Tokyo welcomes Japan’s new Reiwa Era in festive mood with countdowns and marriages
Midnight countdowns, marriage registrations and celebratory events: People welcomed the dawning of the new imperial era, Reiwa, at various locations in Tokyo on Wednesday with a festive mood.
In the middle of the unprecedented 10-day Golden Week holiday, a lot of municipal offices were busy accepting marriage registrations — many couples seemed to feel that the beginning of the new era was the perfect opportunity. Some offices even offered little extras, such as setting up special photo booths for the occasion.
Officials at Sumida Ward, Tokyo, said they received a number of inquiries on how marriages could be registered on the first day of the Reiwa Era after the government disclosed the new era name last month.
“We were thinking of when we wanted to submit the registration. And then the new era name was announced, so we thought this would be good timing,” said Yasuhiro Yamaguchi, a 32-year-old man who was at the Sumida Ward office.
“Now that we are a family, I need to brace up and become a better person,” said his newlywed wife, Nao.
Another couple also cited the era change as part of the reason they went to register their marriage. “We hope to build a happy family full of smiles,” said Takuto Masu, 31, who came with his wife, Aki.
In addition to a photo booth the ward also prepared a news conference setting for the couples, where children who have been appointed as PR ambassadors for Sumida Ward acted as reporters and asked questions — such as what the newlyweds like about each other and what kind of family they would like to build.
The ward said it saw about 280 marriage registrations on Wednesday compared to about the 70 to 80 it usually accepted on other busy days.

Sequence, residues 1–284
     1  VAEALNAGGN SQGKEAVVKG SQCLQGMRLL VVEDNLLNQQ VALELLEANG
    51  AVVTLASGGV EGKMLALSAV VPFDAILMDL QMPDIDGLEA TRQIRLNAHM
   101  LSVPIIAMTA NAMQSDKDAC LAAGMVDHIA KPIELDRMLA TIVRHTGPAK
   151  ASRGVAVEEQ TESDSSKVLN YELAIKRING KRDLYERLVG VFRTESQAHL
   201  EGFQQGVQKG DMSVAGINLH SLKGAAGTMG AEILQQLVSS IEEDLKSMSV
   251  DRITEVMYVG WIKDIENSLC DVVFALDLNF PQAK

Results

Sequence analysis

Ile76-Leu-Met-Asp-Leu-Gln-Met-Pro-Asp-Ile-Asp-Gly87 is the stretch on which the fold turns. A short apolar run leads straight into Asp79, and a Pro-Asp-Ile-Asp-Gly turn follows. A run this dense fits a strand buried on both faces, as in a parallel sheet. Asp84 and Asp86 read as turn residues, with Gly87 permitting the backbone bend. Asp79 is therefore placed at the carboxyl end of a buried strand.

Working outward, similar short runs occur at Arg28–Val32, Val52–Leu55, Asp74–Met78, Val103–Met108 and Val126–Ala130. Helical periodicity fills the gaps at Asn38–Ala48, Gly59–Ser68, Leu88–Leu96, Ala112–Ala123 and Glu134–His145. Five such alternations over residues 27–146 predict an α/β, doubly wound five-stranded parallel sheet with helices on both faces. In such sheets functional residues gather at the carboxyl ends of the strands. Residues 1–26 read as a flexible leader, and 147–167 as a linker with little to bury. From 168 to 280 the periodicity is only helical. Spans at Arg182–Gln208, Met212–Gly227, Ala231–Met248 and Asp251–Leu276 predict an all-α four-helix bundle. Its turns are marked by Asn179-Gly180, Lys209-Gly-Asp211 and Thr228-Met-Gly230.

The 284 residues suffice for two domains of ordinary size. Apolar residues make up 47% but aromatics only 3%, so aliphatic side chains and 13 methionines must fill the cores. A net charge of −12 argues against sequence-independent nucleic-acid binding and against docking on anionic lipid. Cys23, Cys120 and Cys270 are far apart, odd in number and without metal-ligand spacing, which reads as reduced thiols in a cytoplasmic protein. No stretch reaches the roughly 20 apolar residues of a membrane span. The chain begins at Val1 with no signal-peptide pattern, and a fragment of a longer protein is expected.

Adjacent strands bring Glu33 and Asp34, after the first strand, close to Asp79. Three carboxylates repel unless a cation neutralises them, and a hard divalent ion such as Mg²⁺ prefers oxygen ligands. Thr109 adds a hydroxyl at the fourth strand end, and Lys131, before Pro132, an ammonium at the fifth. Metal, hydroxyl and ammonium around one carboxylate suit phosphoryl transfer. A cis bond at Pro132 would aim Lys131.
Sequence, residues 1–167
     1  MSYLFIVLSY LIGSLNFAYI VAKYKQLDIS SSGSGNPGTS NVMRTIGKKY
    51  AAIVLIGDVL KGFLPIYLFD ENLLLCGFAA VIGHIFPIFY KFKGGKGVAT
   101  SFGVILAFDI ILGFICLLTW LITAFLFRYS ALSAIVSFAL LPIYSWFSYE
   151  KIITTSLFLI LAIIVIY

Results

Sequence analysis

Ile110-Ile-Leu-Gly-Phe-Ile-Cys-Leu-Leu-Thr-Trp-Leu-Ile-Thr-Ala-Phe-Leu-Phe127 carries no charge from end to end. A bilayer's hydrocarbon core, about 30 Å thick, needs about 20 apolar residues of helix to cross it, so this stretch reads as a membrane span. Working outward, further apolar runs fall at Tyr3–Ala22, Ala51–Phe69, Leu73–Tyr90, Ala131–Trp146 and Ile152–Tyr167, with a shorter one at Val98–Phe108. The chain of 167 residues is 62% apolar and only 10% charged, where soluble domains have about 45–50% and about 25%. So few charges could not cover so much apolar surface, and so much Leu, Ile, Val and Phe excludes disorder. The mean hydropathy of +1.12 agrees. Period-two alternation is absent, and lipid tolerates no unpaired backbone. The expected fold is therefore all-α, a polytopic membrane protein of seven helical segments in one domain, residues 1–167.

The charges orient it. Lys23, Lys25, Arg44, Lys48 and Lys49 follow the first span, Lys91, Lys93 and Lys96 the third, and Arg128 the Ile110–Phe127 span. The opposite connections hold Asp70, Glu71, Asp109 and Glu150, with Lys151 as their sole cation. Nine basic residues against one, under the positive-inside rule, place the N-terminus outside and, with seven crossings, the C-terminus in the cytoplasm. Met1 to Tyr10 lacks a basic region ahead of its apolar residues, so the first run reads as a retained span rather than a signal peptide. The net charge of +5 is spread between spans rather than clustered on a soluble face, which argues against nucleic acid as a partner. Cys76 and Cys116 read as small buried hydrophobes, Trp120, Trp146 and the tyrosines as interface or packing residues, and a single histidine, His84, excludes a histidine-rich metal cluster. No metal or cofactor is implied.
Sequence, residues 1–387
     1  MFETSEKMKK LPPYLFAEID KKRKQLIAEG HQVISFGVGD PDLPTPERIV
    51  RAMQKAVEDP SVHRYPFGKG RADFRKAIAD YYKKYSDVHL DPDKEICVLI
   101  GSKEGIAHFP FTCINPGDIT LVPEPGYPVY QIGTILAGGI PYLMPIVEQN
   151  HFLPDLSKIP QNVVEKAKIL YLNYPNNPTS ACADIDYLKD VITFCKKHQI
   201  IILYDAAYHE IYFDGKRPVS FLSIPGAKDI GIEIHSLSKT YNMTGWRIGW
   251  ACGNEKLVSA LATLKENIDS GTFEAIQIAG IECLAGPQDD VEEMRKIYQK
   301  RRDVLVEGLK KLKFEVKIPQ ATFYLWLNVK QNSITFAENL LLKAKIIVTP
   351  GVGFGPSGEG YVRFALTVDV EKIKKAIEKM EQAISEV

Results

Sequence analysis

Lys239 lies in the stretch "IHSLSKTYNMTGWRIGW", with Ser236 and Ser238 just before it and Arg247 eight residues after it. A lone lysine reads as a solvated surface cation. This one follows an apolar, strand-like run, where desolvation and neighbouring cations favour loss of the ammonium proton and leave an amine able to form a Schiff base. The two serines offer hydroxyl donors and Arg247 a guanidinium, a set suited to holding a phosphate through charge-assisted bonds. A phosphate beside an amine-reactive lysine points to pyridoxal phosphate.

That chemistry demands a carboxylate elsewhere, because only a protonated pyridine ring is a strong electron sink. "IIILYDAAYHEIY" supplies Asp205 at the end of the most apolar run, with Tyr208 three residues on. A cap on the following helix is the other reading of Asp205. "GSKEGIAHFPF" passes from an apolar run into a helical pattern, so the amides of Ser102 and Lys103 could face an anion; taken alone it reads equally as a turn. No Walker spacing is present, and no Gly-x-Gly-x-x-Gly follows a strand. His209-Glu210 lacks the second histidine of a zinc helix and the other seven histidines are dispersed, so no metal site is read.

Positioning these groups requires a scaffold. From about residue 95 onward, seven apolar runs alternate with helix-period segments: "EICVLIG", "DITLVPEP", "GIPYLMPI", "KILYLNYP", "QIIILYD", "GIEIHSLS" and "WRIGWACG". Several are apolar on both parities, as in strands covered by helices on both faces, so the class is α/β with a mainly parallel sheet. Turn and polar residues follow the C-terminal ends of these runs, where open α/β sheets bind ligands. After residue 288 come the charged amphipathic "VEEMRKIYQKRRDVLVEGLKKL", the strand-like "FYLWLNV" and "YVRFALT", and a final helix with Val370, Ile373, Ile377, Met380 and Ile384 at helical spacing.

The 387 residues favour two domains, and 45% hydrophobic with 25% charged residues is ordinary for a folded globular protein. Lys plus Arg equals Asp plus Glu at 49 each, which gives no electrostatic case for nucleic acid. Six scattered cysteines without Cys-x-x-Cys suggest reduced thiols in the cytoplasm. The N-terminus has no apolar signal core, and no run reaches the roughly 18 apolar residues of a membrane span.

While couples were registering marriages in a heartwarming mood, the exit from the Heisei Era in the business district of Shibuya, Tokyo, the night before had been more chaotic.
A huge crowd amassed near the famous scramble crossing in front of Shibuya Station, apparently wanting to experience the last minutes of Heisei and the dawning of Reiwa together despite the rainy weather.
To maintain order, dozens of police officers were deployed to the site. Officers urged visitors not to linger about after 11 p.m. on Tuesday, shouting to tell those gathered that there was no countdown event.
As midnight neared, police attempted to stop people from entering the crossing. While the scene did not seem to get out of control, some of the crowd still quickly occupied part of the space moments before the transition to Reiwa, with people cheering wildly and celebrating as the big moment arrived.
Scramble crossing is a famous spot for people to gather on celebratory occasions, such as New Year’s Eve and Halloween, but is also notorious for such gatherings sometimes getting out of control.
Even after midnight, police were kept busy controlling pedestrian flow around the crossing.
While the festive atmosphere was palpable in the bustling area, some people voiced their enduring affection for the Heisei Era and melancholy at its passing.
“I am sad that Heisei is now over,” said Ayaka Nakanishi, a Tokyo resident who came to Shibuya with two of her friends.
“We were all born in the first year of Heisei, so on the last day of Heisei, we wanted to get together,” she said.
Nakanishi said Shibuya has always been a place to hang out since they were college students, which is why they wanted to spend their last Heisei night there.
The Tokyo Skytree also held events Wednesday during the day featuring live calligraphy, a shishimai lion dance (which is traditionally believed to drive away bad spirits) and Japanese classic acrobatics.
Hundreds of visitors enjoyed the performance while also receiving free sake.